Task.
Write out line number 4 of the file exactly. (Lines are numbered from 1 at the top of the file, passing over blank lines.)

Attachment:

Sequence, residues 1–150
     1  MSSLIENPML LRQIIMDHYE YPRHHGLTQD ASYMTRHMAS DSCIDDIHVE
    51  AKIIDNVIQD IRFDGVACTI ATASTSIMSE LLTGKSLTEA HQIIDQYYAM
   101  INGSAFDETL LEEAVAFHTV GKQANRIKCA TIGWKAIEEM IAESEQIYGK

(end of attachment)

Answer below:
   101  INGSAFDETL LEEAVAFHTV GKQANRIKCA TIGWKAIEEM IAESEQIYGK